Last month, the province's children and youth representative announced she had found "too little evidence...of a coordinated effort" to implement recommendations included in Ted Hughes's 2006 independent review of British Columbia's child protection system. So what does Mr. Hughes have to say about Mary Ellen Turpel-Lafond's finding? Well, when the Canadian Press's Dirk Meissner spoke to the former conflict of interest commissioner last month, he hadn't read Ms. Turpel-Lafond's report. Although he was prepared to give the government some slack. "I assume, there would be some reason for that. There may be some sensible reason why it hasn't occurred up to now," he said. But, now, Mr. Hughes is expressing disappointment at the government's apparent lack of action.
Said Mr. Hughes, who has now had an opportunity to read the children and youth representative's report, "The government said at the time of the release (of my review) that they embraced all of the recommendations and they would be acted upon. So I expect them to be. I see in some of the responses (from government) last week it was indicated that there's a target 90 percent of them will be in place a year from now. It's a little disappointing. On the other hand, I realize some of them do take some time. But my wish would have been the matter would have moved faster as I think it could have moved faster."
And why does he feel government could have moved faster on his recommendations? "The commissioner has pointed out things in her report that haven't happened. And it seems to me sufficient time has passed that most recommendations would have had some action by now. And that hasn't happened," Mr. Hughes responded. "There's really nothing more important than the safety and care and the well-being of children who are in care of government and are at risk. And that report was put out to really start the process of solving some very major problems that existed in that whole area. And, once fully implemented, I think the remedy to the past problems was there."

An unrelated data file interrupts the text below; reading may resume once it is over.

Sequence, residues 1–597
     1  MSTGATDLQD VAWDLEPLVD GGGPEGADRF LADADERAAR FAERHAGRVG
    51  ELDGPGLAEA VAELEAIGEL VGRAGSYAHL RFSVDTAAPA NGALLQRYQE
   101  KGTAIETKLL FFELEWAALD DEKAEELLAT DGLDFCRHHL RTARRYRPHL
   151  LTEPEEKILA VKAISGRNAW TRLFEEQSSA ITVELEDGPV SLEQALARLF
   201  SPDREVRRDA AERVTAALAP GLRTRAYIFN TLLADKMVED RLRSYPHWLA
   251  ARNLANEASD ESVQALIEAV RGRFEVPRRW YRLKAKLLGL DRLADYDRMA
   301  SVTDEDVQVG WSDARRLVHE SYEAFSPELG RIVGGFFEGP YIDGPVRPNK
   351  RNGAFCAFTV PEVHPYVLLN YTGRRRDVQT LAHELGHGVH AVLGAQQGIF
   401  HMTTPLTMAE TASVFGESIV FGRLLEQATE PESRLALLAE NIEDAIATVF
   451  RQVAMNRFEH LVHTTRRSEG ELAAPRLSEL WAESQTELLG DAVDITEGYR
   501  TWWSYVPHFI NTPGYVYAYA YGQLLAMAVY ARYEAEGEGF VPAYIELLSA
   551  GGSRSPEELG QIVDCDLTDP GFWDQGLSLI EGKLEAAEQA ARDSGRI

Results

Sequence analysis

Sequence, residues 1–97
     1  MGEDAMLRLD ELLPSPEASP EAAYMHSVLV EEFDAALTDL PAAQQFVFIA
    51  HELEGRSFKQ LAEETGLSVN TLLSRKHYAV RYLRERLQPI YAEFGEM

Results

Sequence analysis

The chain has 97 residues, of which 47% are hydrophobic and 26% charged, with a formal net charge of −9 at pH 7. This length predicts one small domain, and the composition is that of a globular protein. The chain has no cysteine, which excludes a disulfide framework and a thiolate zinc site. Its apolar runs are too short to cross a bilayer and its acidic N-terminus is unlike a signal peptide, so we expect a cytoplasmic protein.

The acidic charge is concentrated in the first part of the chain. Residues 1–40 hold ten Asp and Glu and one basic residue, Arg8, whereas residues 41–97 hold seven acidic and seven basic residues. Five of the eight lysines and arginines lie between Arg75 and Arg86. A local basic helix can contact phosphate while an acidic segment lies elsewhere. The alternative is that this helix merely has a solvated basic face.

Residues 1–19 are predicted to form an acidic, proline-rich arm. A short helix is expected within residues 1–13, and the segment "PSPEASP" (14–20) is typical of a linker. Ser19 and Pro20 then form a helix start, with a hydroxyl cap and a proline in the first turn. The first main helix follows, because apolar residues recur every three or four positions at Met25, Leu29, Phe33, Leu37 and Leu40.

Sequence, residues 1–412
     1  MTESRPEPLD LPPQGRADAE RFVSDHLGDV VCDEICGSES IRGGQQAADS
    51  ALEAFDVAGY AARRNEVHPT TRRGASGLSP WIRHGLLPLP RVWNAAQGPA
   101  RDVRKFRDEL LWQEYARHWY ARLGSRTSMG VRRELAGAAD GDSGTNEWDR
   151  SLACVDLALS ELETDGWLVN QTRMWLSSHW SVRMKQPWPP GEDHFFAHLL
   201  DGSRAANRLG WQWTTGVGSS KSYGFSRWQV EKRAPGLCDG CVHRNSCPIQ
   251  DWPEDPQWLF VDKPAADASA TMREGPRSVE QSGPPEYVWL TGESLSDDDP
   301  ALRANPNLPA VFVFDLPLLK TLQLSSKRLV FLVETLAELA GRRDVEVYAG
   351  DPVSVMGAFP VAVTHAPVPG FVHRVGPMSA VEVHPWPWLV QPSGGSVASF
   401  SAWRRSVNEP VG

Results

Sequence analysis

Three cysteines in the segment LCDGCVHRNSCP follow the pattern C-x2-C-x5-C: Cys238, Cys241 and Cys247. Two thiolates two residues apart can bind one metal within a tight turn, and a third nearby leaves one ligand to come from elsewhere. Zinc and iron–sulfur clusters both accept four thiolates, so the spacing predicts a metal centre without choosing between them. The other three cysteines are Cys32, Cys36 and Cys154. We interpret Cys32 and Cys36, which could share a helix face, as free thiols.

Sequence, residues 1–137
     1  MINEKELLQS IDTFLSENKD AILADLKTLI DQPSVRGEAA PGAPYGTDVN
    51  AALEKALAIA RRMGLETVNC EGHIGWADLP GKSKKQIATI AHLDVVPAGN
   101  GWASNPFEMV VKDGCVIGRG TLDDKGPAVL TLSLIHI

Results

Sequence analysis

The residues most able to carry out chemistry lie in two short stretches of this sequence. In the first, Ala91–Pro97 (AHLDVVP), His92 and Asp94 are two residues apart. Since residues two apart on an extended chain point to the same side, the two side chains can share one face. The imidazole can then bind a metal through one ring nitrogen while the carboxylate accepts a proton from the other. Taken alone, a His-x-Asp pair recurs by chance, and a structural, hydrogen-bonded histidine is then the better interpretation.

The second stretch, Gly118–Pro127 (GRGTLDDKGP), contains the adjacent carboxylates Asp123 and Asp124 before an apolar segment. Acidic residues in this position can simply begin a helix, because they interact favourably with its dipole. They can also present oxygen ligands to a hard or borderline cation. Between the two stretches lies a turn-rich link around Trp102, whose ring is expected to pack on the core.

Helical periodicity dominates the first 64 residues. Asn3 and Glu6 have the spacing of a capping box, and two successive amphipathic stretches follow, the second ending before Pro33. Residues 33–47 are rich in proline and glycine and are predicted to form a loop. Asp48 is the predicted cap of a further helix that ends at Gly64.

Mr. Hughes couldn't say on why just 60 percent of his recommendations have been acted on, stating "I haven't been in touch with the government since the day I released the report." Asked whether he found the situation surprising, he stated, "I'm not prepared to say that. It's disappointing. And I guess we have to accept the fact that by my calculations, a year from now, 56 of them are going to be in place. I don't know which of the six are that are still going to be outstanding a year from now. But that's where (Ms. Turpel-Lafond) is going to have to direct her attention if those five or six are outstanding."